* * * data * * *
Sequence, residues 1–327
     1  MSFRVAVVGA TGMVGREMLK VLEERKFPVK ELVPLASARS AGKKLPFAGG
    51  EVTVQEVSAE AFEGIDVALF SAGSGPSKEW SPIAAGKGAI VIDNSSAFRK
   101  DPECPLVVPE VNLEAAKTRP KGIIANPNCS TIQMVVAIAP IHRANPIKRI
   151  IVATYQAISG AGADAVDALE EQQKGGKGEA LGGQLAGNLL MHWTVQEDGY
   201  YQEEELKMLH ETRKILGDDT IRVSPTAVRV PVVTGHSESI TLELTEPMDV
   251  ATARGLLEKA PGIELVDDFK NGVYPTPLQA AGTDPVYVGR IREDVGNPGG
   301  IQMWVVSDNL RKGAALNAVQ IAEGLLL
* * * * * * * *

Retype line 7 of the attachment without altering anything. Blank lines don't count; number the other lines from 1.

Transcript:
   251  ATARGLLEKA PGIELVDDFK NGVYPTPLQA AGTDPVYVGR IREDVGNPGG